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Joshua Lee Jones, Andrew Gross, Margaret L Pfeiffer, Eric Crowell, Nicholas P Bell, Robert M Feldman, Lauren S Blieden; Antimetabolite Application Route During Trabeculectomy Increases Risk of Postoperative Ptosis. Invest. Ophthalmol. Vis. Sci. 2017;58(8):3836.
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© ARVO (1962-2015); The Authors (2016-present)
To report on the incidence of ptosis following trabeculectomy and identify risk factors for developing postoperative ptosis.
Charts of patients who underwent primary fornix-based trabeculectomy (trab) or combined phacoemulsification/trabeculectomy (phaco/trab) at the Cizik Eye Clinic between 1/1/2012 and 5/31/2015 were included. Patients with at least 12 months of follow-up were included, and those with previous eyelid surgery or ptosis documented prior to trab were excluded. If both eyes of a patient were eligible, the first eye that underwent surgery was selected. Patients were followed for a maximum of 4 years. Demographics, type of surgery (trab vs. phaco/trab), intraoperative technique (mitomycin-C [MMC] use, route of MMC by pledget or injection, and use of traction suture), use of prostaglandin drops pre- and post-trab, and postoperative data (i.e. presence of ptosis noted by glaucoma specialist, date of ptosis development, and follow-up duration) were recorded. Kaplan-Meier survival curve and stepwise Cox regression analysis were performed.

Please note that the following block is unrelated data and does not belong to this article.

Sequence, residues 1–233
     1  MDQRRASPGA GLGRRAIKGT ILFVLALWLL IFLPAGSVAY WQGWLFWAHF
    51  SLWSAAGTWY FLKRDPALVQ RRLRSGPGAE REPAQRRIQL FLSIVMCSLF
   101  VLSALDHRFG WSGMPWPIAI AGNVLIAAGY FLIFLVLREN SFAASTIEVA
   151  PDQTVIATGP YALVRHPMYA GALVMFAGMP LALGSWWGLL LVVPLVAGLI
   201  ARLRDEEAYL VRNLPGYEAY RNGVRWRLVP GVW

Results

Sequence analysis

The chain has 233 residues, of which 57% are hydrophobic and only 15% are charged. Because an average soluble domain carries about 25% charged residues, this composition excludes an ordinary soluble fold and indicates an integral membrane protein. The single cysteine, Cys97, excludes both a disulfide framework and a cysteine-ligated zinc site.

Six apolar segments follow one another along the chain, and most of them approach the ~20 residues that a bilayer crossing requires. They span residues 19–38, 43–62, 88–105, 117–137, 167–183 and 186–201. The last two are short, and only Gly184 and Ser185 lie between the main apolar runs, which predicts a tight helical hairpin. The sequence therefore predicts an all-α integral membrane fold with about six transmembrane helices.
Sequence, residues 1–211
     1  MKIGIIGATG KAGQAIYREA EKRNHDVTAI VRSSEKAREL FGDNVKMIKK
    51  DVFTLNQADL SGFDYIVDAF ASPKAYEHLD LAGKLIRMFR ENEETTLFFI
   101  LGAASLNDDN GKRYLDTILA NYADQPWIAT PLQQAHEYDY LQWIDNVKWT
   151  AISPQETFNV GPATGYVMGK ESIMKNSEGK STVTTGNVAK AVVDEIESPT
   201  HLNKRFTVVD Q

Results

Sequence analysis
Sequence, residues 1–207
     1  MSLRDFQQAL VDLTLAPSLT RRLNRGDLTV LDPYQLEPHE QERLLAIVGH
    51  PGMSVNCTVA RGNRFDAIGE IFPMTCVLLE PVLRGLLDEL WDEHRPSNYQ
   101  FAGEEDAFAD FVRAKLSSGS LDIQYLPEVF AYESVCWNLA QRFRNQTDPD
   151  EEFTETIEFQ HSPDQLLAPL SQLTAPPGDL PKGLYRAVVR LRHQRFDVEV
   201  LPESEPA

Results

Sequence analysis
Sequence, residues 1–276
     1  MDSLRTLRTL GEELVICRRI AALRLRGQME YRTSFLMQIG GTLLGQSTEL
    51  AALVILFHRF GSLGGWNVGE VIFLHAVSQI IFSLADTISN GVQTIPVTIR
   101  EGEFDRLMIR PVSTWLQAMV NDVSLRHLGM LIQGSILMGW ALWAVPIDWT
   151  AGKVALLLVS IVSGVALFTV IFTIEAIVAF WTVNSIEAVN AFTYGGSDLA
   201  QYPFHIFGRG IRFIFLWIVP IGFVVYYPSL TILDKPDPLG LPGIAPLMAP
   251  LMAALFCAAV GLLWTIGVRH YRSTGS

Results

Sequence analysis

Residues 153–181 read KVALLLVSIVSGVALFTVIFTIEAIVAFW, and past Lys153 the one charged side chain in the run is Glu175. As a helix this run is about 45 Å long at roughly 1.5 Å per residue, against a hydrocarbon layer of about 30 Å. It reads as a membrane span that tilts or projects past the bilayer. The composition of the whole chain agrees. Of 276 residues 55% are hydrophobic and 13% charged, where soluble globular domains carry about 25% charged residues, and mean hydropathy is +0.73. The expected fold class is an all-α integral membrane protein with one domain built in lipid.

102 eyes of 102 patients met the eligibility criteria with a mean age of 66 years (±12, range 24-86) and 49 (48%) males. Of 100 patients who reported race/ethnicity, there were 45 (45%) White, 36 (36%) Black, 1 (1%) Hispanic, and 18 (18%) of other race/ethnicity. 61 (60%) eyes underwent trab and 41 (40%) eyes underwent phaco/trab. Only 3 eyes did not have MMC intraoperatively. MMC was applied by pledget in 66 (65%) eyes and by subconjunctival injection in 33 (32%) eyes. A corneal traction suture was used in 78 (76%) eyes, superior rectus bridle suture in 11 (11%) eyes, and no suture in 13 (13%) eyes. 94 (92%) eyes were on prostaglandin drops pre-trab compared to 9 (9%) post-trab. Mean follow-up duration was 32 months (±12, range 12-53).44 (43%) eyes developed ptosis at a mean of 22 months (±1.5 standard error) after trab (Figure 1). Of these, 10 (23%) eyes were referred to the Oculoplastics service. Patients with MMC applied by pledget were 2.5 times more likely to develop ptosis than by subconjunctival injection (P=0.028).
The incidence of ptosis after trab is significantly higher in our series than the reported rate of 6.2-19%. MMC applied by pledget during surgery increases the risk of developing ptosis.
This is an abstract that was submitted for the 2017 ARVO Annual Meeting, held in Baltimore, MD, May 7-11, 2017.
Kaplan-Meier Survival Curve
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